Bangladesh police and government-backed thugs brutally assaulted students in Dhaka who were protesting over the death of two students by a speeding privately-operated bus on July 29. The two teenagers—a girl and a boy—were killed when the vehicle, which attempted to overtake another bus, rammed into students waiting at a bus stop. At least seven other youth were badly injured.
Protests involving thousands of teenage students, some as young as 13, erupted in the city and continued for nine days, drawing in high school and university students. The unrest follows demonstrations in April by university students demanding reform of the civil service employment quota system.
Students demanded better road safety rules and denounced the government, blaming the country’s notoriously corrupt driving license and vehicle registration systems for the thousands of road deaths each year. Over 7,390 people—or around 20 per day—lost their lives in road accidents last year, according to the non-government Passengers Welfare Association.
Students began stopping trucks, buses and cars, demanding to see the drivers’ licenses and checking if the vehicles were registered and roadworthy, bringing traffic to a virtual standstill in parts of the capital.
Prime Minister Sheikh Hasina’s Awami League-led government responded by mobilising hundreds of police, who attacked the students. Last Saturday, riot police repeatedly used tear gas and rubber bullets, and baton-charged demonstrators.
These attacks turned even more violent when armed thugs from the Bangladesh Chhatra League (BCL), the Awami League’s youth organisation, surrounded groups of students and began clubbing them while the police watched on. Police fired tear gas into university and college premises, targeting students trying to escape. Photographers, television camera crews and journalists reporting the attacks were also assaulted.
When video footage and photographs began appearing on the Internet showing bleeding and badly injured students and exposing the BCL attacks, the government shut down mobile communications and Internet services in parts of Dhaka.
Hundreds of students were injured and hospitalised. Abdus Shabbir, an emergency room doctor, told the AFP news agency he had treated more than 115 students since Saturday, including numbers who “were in very bad condition.”
On Sunday, Prime Minister Hasina ordered the students to end their action and demanded “all guardians and parents to keep their children at home.” Interior Minister Asaduzzaman Khan denounced the protests as “a conspiracy to make the government inoperative.” Signalling a possible witch hunt against protest organisers, he declared that the government would “take stern action against those conspiring to exploit this by inciting the minors.”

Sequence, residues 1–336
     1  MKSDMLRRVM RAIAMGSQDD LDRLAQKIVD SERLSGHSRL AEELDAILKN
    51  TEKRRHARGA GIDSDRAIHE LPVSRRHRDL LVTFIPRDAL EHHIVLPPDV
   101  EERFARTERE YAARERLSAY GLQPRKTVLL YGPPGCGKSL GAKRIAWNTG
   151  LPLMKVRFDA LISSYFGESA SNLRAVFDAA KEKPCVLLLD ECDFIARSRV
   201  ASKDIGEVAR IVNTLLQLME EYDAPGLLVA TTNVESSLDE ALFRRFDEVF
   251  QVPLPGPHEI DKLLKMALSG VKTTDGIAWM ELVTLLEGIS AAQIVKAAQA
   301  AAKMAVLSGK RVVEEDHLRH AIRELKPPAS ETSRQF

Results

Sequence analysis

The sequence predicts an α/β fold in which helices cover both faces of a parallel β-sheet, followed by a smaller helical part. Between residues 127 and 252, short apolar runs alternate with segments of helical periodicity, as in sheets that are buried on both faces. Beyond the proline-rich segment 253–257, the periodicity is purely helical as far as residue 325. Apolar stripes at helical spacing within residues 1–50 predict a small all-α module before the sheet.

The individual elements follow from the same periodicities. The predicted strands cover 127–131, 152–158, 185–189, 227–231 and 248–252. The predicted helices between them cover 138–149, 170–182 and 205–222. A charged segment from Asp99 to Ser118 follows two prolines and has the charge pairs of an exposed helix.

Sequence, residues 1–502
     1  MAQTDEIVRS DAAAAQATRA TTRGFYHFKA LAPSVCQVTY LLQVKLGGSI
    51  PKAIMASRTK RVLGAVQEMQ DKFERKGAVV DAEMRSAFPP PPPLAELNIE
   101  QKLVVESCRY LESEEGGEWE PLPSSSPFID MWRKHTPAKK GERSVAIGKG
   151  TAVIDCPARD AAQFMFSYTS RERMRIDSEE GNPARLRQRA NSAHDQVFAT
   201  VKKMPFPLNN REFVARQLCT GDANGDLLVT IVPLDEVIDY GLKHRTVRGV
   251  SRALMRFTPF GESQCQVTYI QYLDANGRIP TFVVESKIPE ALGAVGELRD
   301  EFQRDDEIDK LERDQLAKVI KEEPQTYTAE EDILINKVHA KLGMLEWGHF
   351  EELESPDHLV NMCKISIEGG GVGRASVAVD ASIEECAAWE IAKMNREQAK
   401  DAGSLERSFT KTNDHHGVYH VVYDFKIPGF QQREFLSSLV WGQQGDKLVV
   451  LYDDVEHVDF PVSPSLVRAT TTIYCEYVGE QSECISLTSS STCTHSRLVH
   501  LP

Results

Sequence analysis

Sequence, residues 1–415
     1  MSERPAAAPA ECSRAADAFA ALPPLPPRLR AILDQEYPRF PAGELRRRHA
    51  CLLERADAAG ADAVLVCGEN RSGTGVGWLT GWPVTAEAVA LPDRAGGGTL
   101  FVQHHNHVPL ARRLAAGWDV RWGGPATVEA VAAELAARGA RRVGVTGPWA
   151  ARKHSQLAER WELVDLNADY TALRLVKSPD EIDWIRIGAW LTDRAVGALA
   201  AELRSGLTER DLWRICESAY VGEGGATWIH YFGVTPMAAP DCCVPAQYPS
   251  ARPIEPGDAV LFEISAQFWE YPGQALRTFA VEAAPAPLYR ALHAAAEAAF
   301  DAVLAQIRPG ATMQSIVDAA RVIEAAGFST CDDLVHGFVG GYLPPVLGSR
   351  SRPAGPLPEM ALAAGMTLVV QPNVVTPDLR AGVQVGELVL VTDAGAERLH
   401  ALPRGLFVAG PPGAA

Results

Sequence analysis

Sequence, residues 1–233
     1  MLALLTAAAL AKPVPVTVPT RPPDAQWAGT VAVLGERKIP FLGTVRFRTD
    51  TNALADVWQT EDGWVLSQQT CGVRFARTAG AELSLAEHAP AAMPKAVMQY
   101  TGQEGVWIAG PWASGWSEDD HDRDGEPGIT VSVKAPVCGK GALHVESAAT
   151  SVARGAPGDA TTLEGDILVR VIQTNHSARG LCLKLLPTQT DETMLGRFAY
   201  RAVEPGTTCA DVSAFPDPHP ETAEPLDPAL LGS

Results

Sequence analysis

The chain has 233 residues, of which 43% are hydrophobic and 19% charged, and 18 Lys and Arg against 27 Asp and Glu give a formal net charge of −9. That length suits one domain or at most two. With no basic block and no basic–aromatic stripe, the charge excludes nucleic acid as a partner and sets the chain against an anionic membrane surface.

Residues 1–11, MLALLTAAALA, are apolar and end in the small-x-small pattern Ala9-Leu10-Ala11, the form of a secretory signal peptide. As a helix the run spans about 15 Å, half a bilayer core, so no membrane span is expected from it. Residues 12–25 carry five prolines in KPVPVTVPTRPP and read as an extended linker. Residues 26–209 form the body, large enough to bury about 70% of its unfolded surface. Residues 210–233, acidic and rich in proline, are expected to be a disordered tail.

The government this week also approved its Road Transport Act 2018, which boosted jail terms for violations of traffic laws. This is a desperate attempt to dissipate concerns over the country’s lax licensing and roadworthy laws. Traffic offenders now can be jailed for five years with no early release, up from three years. The government also promised to consider capital punishment for those responsible for fatal road accidents.
While the student demonstrations ended on Tuesday, police arrested internationally-acclaimed photographer Shahidul Alam during the protests, accusing him of breaching the draconian Information and Communication Technology Act during an Al Jazeera interview. Alam, who covered the protests and published photographs of the attacks on the students, faces a possible 14-year jail term.
During the interview, Alam pointed out that the demonstrations were not just about road safety but animated by widespread disaffection with the government, including “[the] looting of banks, the gagging of media… extra-judicial killings, the disappearances, the protection money at all levels, [and] corruption in education.”
Hasina’s government, which faces national elections later this year, is increasingly resorting to police-state methods and the mobilisation of thugs to crack down on any sign of political opposition by workers and other oppressed sections. Last month, it deployed police and BCL thugs to suppress students, unemployed graduates and teachers demanding changes to the civil service jobs quota system.
Commenting on this month’s assaults on demonstrators, Amnesty International deputy director for South Asia, Omar Waraich, said: “Repression has been a trademark of this government over the past five years. Whether it is journalists, the opposition or peaceful protesters, dissent has never been tolerated.”
The attacks on students, Internet censorship and persecution of journalists are warnings that Hasina’s administration, unable to contain discontent, is moving increasingly toward dictatorial forms of rule.
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